But the "explosion in fire catastrophes that we’ve seen in recent years is not inevitable," top climate scientist says.Dec 29, 2020 - Science
The UN is urging U.S. citizens to do “everything you can” to curb emissions faster.Dec 2, 2020 - Science
This weekend's extreme weather conditions, that included damaging thunderstorms and tornadoes in several Southern states, will continue through the first half of this week, reports the Washington Post.
Why it matters: More than 100 million Americans are facing an "elevated threat of thunderstorms" on Monday, some of which could prove severe, per the Post.
A storm system moving eastward from California could hit Central U.S. mid-week, per CNN.
Driving the news: Starting Tuesday, the area stretching from Wichita, Kansas, to San Angelo, Texas may be subject to extreme weather that includes "damaging winds, hail and tornadoes," writes CNN.
More tropical storms and hurricanes will take place during an "average" Atlantic hurricane season, the National Oceanic and Atmospheric Administration announced Friday in its new guidelines.
Why it matters: NOAA attributed the uptick in hurricanes to better reconnaissance technology and climate change warming the oceans and atmosphere, which may make the storms more common and destructive.
A volcano on the northern tip of the main island of St. Vincent and the Grenadines that had been dormant for decades erupted Friday after showing signs of activity in late December, the New York Times reports.
Why it matters: La Soufrière's eruption came hours after the Caribbean country evacuated around 20,000 people from near the volcano. There were no immediate reports of casualties, according to AP.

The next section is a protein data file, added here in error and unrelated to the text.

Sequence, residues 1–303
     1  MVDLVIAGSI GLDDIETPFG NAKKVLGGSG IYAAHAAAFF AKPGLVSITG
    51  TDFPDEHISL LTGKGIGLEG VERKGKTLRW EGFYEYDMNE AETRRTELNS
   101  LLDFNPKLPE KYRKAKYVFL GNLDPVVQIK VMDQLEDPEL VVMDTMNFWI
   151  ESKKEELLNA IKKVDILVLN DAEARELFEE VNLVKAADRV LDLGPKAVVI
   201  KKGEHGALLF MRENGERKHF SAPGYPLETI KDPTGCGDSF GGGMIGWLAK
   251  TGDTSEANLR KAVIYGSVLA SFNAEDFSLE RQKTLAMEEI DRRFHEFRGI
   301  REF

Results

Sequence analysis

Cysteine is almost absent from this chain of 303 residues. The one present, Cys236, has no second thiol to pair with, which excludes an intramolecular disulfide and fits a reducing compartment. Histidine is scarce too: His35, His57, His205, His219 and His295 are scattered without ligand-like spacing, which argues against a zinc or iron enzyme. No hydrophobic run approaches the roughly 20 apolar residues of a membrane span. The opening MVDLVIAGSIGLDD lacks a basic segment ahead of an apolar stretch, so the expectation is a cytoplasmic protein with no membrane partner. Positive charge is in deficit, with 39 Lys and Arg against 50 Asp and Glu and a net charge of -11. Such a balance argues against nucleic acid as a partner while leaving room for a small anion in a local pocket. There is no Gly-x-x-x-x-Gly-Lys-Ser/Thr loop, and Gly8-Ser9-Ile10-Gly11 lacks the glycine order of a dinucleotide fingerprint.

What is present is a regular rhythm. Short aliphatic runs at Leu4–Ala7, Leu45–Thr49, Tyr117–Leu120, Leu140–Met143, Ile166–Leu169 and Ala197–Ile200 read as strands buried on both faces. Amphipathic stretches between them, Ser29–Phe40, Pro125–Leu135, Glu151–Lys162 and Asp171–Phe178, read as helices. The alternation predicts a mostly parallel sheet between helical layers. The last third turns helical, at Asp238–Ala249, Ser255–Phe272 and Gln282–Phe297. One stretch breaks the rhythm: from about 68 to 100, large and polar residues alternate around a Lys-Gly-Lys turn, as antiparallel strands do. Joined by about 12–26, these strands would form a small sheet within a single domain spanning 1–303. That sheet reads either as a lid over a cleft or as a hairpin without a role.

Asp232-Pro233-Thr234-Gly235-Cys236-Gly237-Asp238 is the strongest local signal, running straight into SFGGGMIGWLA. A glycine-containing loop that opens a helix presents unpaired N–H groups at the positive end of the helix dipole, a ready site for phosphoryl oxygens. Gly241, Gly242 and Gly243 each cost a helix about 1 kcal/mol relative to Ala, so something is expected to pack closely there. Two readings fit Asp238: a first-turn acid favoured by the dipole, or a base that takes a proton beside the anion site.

More than 400 homes are being evacuated in South Dakota and Mount Rushmore has been shut down in response to wildfires in the state's Black Hills, AP reports.
The state of play: "Critical" to "extremely critical" fire weather conditions have developed across the Dakotas and much of the Plains as strong winds combine with a dry air mass ahead of a cold front moving in from the west.
A tornado killed at least five people and injured several others in Calhoun County, Alabama, the county's coroner confirmed Thursday evening, according to NBC-affiliate WVTM13.
The big picture: A major tornado outbreak featuring high-end, "violent" tornadoes is underway across the South, with cities including Birmingham and Nashville at risk of severe weather.
Why it matters: The storm caused one of the worst power outages in U.S. history as demand for heat strained the state’s electric grid. More than 4 million customers lost power. Millions also lacked access to drinkable water for days.
Rainfall is easing in some parts of Australia Tuesday, but many rivers continue to rise in the wake of nearly a year's worth of rainfall that fell in just six days in New South Wales and Queensland.
Why it matters: The flooding is the latest in a string of extreme weather disasters that have struck Australia in the past year. The country has careened from drought and devastating wildfires to unusually heavy rains and flooding not seen in decades.
A volcano that had been inactive for roughly 6,000 years erupted on Friday night on the Reykjanes Peninsula in southwestern Iceland, according to AP.
Why it matters: The eruption — which is relatively small for now — is the area's first in 781 years, the glow from which could be seen up to 20 miles away in Reykjavík, the country's capital. Iceland's Department of Emergency Management does not expect to issue evacuations since the Fagradals Mountain volcano is located in a remote area.
Almost a half of the United States — a tract of land stretching from the Pacific Coast to the Great Plains and upper Midwest — is experiencing moderate to exceptional drought conditions, the National Oceanic and Atmospheric Administration said Thursday.
Why it matters: Conditions have prompted weather and agriculture officials to warn of water cutback in California, increased wildfires in the Southwest and damage to wheat crops around the country, according to AP.